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Re: opaque uris and self-describing resources

From: Sandro Hawke <sandro@w3.org>
Date: Wed, 16 Jan 2008 15:18:20 -0500
To: Erik Wilde <dret@berkeley.edu>
Cc: "uri@w3.org" <uri@w3.org>
Message-ID: <32364.1200514700@ubuhebe>


> for recognizing the non-http nature of u1, software has to 
> dereference the uri, right?

Right.  (it's annoying, but oh well.)

> from the http spec, your usage of 303 seems 
> to be much more nuanced and semantically loaded then what the spec 
> suggests.

Absolutely.  This design sort of fits into the open spaces in the HTTP
Spec (and the existing implementations).

> so i assume to discover the non-http nature of the resource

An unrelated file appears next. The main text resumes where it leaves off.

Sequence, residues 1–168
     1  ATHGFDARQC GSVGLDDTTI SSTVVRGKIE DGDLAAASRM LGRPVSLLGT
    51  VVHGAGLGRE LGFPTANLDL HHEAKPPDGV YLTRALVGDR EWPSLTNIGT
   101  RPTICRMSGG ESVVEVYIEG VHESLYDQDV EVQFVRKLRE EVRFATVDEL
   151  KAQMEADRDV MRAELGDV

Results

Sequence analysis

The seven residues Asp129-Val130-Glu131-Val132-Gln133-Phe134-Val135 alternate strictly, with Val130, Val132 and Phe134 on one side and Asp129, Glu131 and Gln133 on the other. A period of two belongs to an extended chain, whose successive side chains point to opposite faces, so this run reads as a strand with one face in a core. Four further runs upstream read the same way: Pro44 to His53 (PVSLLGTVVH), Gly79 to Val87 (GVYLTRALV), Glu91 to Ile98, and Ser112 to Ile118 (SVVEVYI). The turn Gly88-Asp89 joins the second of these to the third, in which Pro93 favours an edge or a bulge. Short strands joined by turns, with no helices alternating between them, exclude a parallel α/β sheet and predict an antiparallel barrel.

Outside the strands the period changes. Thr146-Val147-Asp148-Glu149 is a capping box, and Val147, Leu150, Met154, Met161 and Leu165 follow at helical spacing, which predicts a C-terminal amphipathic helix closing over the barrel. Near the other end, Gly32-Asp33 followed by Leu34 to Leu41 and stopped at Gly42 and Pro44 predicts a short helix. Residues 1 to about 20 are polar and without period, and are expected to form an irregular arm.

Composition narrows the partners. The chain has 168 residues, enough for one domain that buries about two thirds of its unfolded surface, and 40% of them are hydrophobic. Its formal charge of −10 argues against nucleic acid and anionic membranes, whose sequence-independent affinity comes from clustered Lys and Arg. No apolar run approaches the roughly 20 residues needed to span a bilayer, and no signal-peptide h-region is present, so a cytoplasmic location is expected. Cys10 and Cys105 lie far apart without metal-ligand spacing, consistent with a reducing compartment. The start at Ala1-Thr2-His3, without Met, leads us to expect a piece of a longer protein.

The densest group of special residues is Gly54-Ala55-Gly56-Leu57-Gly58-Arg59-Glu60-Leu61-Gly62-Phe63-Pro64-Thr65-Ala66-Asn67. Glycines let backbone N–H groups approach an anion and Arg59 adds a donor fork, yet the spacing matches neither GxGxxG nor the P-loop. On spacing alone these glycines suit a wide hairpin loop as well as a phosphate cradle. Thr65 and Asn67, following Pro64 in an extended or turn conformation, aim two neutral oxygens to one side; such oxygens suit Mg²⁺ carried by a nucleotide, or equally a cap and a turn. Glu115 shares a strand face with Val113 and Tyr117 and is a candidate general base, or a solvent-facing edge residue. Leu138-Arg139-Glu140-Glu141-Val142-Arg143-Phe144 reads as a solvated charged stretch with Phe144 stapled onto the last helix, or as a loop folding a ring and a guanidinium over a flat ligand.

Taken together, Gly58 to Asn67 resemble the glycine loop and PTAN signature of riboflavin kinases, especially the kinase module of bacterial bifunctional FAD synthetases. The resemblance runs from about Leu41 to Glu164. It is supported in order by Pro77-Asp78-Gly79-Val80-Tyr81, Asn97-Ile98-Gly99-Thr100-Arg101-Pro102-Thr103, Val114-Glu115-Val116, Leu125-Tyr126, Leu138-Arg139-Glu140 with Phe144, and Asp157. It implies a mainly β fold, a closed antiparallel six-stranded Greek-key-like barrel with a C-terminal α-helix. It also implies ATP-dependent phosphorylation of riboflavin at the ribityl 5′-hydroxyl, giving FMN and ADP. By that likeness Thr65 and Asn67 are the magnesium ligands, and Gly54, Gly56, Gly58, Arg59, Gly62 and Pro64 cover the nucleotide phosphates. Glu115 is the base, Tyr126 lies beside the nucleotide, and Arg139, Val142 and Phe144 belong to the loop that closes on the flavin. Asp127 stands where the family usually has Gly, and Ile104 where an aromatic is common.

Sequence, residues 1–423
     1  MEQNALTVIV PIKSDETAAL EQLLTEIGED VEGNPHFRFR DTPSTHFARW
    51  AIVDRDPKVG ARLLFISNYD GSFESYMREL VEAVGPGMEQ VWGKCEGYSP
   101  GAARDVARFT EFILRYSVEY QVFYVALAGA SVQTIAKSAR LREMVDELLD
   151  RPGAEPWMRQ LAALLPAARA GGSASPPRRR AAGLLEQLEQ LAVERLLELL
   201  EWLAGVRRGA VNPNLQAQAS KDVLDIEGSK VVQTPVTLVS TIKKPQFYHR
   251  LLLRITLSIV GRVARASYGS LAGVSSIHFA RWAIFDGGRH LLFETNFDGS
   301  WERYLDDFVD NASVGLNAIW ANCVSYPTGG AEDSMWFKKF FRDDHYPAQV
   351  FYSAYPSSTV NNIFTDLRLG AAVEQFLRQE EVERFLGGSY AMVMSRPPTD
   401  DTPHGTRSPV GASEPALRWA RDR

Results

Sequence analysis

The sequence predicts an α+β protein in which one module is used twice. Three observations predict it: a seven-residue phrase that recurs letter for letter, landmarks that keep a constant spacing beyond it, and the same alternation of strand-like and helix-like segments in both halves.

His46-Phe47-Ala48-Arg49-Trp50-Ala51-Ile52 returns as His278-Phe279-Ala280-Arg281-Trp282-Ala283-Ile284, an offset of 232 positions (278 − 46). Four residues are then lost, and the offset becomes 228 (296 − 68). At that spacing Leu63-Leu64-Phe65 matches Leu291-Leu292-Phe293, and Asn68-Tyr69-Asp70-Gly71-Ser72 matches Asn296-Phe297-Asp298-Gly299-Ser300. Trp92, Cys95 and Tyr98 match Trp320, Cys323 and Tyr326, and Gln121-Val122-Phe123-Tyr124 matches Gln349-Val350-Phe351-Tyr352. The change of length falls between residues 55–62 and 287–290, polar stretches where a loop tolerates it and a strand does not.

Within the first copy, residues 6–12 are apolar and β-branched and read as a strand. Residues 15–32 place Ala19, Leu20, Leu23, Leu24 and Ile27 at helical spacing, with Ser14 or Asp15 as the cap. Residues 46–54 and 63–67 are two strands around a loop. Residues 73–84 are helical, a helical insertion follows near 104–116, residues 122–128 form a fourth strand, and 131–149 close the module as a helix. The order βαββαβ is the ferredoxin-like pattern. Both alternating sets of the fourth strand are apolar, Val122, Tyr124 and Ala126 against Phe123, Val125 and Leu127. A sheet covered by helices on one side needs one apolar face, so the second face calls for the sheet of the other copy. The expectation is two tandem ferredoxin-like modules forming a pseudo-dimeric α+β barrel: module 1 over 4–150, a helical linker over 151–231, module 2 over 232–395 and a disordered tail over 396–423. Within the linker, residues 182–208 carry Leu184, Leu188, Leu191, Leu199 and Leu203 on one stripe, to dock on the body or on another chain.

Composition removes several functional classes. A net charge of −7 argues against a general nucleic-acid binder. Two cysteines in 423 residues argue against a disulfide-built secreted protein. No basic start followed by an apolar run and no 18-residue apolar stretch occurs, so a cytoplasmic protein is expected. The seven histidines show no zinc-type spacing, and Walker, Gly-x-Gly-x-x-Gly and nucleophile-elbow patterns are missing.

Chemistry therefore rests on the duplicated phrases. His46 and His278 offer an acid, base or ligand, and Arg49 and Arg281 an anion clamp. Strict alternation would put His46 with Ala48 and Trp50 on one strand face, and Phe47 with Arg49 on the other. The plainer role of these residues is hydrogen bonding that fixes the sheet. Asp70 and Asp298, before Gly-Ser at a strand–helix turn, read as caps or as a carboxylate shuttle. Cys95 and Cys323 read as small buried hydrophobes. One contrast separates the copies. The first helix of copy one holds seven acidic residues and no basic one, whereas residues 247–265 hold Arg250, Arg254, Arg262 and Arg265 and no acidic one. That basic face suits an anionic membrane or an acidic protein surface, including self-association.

> identified by u1, there must be some content within the returned 
> resource that makes that statement. logically, i see three ways how the 
> non-httpness of the identified resource could be established:
> 
> 1. string matching with a magic prefix
> 
> 2. the 303 returned when dereferencing the uri
> 
> 3. embedded metadata in the returned resource
> 
> what is the official vote on these? it seems that (2) is required, but 
> it cannot be sufficient given the rather general definition of 303 in 
> http. would (1) be ok? or is that discouraged? i am sure that (3) is the 
> w3c's favorite given its inherent rdfness, but i am wondering whether in 
> this whole approach there still is a chance for non-semantic web users 
> to understand the non-httpness of the resource identified by u1.

The TAG reached consensus on 15 Jun 2005 to use option 2.  That is not
as "official" as a W3C Recommendation or a new IETF RFC for HTTP, but
it's what we've got.   See:

   http://www.w3.org/2001/tag/issues.html#httpRange-14

I don't think anyone is *happy* with this design, but it seems to work
and to offer advantages over the alternatives.   *shrug*

   -- Sandro
Received on Wednesday, 16 January 2008 20:20:48 GMT

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